Among most Italians, by far the most common complaint about such English verbs conjugated in Italian however is not that they’re unnecessary, or that they threaten Italian national identity: much worse, it’s that they sound ugly - or at least not as beautiful as their regular Italian equivalents.

In fact, many of these Italianised English verbs, many of which are now listed as new words by Italy’s respected language guardians at the Accademia della Crusca, also featured among the “most hated” anglicismi according to a poll of Italians conducted in 2022, along with terms including ‘brainstorming’ and ‘coffee break’.

Coffee break or pausa caffè - which would you rather have? (Photo by GABRIEL BOUYS / AFP)

For native English speakers in Italy, the difficulty with English words adopted into Italian is more that their meanings often change or get lost in translation, leading to misunderstandings or just bewilderment.

One common example is ‘trekking’, which is what Italians call hiking or hill walking. For native English speakers, trekking would be more applicable if you’re planning to spend several weeks traversing some sort of remote and hostile terrain.

Similarly, ‘footing’ has often been used in Italian to mean ‘jogging’, though thankfully that one seems to have fallen out of use lately; ‘zapping’ can be used to mean flicking between TV channels, which we might call channel-surfing. Meanwhile, a coach or bus is un pullman - derived from the name of a type of luxurious train carriage in the early 1900s - while Italian men call their underpants un slip and their tuxedo un smoking.


In other cases, an English-language word or phrase that fell out of use decades ago in English-speaking countries - and which perhaps had narrow usage to begin with - remains in use in Italy today.

READ ALSO: 10 of the most common Italian translation fails

One example of this is the phrase ‘radical chic’, a term from 1970s America which is often employed by Italian populist politicians today to mean something like ‘champagne socialist’ and suggests privilege and the adoption of left-wing views seen as fashionable. The term was famously used by the Italian culture minister recently to criticise the use of foreign words in Italian - a habit which he said, without a hint of irony, was “snobismo molto radical chic”. The word ‘snobismo’ meanwhile is derived from the English 'snob', and translates as 'snobbery'.

In other cases, an English-sounding word or phrase used in Italian is so unfamiliar to native speakers that we might suspect it has been entirely made up.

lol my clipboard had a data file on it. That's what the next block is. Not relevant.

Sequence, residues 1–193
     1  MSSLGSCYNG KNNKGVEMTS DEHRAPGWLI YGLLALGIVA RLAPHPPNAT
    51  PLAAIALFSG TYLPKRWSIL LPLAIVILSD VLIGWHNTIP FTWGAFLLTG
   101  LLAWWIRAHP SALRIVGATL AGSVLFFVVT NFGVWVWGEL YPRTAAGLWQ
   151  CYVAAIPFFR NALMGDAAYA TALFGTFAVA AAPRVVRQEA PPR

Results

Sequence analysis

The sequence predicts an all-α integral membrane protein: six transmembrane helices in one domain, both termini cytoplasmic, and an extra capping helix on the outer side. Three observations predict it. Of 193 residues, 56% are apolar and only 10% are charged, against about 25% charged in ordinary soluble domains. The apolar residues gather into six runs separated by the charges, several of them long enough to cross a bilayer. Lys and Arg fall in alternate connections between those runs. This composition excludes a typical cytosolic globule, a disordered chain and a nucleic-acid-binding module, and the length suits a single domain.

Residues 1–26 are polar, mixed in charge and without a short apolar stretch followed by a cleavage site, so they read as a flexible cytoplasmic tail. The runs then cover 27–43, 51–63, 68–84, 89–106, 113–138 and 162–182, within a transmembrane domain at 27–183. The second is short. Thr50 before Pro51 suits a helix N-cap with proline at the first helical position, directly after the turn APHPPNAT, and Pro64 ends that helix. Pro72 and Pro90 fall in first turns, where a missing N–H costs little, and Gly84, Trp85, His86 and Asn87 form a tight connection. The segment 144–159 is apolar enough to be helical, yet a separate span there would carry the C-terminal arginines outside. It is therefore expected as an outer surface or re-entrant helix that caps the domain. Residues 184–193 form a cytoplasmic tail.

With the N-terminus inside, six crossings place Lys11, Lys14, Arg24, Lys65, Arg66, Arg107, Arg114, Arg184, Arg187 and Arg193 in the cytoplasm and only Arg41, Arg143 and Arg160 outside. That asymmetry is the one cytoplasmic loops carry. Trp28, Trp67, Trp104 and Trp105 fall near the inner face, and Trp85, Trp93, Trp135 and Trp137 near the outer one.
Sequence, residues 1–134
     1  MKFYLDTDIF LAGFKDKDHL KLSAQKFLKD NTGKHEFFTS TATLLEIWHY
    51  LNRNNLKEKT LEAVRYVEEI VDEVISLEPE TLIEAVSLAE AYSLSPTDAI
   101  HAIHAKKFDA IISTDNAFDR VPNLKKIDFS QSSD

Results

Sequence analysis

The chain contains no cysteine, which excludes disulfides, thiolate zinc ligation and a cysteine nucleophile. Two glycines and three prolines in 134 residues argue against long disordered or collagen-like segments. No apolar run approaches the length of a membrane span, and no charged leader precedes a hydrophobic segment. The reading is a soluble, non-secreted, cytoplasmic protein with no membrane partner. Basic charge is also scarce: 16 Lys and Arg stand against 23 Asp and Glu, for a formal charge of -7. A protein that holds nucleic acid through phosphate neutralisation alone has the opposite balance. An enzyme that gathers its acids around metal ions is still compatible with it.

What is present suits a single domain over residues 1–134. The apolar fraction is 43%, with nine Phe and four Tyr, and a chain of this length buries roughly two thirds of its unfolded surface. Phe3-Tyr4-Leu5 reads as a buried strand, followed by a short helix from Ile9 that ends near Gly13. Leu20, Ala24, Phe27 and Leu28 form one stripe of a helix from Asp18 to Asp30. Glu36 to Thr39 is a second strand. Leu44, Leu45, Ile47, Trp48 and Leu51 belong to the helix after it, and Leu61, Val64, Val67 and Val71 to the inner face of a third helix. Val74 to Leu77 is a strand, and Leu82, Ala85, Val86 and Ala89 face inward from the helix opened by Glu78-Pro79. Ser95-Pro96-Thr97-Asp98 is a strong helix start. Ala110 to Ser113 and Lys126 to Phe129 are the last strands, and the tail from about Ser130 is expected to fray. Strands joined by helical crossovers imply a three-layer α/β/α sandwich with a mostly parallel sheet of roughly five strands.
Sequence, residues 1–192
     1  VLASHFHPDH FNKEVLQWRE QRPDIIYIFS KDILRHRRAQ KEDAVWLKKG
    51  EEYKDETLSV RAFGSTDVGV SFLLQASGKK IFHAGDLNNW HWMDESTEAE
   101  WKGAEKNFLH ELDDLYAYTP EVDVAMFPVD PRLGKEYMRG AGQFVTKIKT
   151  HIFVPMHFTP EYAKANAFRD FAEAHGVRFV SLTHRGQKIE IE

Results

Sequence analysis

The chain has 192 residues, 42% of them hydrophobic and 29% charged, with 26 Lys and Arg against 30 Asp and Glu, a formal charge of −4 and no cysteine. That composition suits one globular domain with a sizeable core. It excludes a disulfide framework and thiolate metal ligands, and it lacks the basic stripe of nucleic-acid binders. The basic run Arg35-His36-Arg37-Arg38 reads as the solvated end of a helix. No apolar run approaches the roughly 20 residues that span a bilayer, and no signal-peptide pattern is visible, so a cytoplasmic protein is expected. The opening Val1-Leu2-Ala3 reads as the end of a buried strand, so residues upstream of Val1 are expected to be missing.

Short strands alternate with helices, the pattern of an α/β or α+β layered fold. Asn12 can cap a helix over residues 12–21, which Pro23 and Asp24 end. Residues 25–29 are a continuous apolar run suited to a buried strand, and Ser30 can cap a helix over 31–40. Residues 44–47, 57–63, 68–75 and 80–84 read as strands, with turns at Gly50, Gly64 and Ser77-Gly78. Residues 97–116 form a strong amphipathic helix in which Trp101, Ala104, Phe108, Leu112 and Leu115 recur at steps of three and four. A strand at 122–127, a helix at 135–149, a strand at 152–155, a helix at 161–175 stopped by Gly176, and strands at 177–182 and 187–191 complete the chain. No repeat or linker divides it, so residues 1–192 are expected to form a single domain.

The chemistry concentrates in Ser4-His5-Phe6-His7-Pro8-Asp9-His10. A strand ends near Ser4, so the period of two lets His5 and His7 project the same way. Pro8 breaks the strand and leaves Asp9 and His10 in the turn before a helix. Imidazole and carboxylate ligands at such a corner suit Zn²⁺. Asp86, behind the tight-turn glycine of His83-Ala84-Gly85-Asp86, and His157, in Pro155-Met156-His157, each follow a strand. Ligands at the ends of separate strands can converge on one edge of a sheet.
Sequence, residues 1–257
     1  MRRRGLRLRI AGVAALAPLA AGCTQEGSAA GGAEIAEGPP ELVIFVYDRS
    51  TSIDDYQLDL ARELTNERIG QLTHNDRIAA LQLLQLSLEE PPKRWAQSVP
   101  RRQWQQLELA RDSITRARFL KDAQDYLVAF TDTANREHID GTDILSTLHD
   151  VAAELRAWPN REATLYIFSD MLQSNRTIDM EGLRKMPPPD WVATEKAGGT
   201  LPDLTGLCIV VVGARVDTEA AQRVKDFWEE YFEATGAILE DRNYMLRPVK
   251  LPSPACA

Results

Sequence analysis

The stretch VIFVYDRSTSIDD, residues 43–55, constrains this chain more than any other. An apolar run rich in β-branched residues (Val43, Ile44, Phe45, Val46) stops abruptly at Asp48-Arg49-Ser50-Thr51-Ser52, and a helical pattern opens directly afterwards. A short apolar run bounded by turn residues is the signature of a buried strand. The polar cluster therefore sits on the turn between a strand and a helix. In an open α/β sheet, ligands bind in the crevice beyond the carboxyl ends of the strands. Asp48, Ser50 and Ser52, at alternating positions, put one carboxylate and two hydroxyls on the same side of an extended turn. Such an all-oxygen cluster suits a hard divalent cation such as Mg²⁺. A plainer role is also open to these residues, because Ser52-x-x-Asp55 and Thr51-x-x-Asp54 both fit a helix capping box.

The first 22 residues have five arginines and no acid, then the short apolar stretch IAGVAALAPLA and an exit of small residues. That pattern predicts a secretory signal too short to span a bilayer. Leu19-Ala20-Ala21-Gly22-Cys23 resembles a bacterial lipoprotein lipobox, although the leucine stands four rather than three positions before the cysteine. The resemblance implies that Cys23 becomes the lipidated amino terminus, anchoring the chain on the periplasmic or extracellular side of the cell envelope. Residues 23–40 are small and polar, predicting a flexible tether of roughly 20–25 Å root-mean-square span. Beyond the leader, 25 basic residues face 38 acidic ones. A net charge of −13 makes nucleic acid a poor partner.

There’s ‘smart working’, which is what many Italians call remote work or working from home, and it’s often assumed this is what we call it in English-speaking countries, too. It’s not clear exactly where that one came from, but it was used prolifically by the former government of Giuseppe Conte during the pandemic.


In fact, Italian politicians are notorious for dropping English words into their speeches and official documents. New laws sometimes even have English names, such as the 'jobs act' or 'sugar tax' of a few years ago - and who could ever forget the coronavirus 'green pass'? It did have an Italian equivalent name, certificazione verde Covid-19, but everyone, even including health officials, mainly used the English version.

There was also 'lockdown' (used by Italian media instead of confinamento) and the frequent use of 'booster' for a top-up vaccine shot - which older Italians regularly heard as busta (envelope).

And in advertising, you may have noticed signs for a ‘Self Bar’ or ‘Self Bank’ have proliferated in Italy in recent years. While the intended meaning is clear enough (a vending machine or ATM), it’s the sort of thing that will keep English grammar pedants up at night.

Of course, linguistic borrowing goes both ways, and the meanings of Italian terms borrowed into English tend to shift, too - see ‘al fresco’, for example.

There are thousands more words derived from English that are currently in use in Italy. Do you have a favourite - or least favourite - that’s not mentioned here? Please share it with us in the comments section below.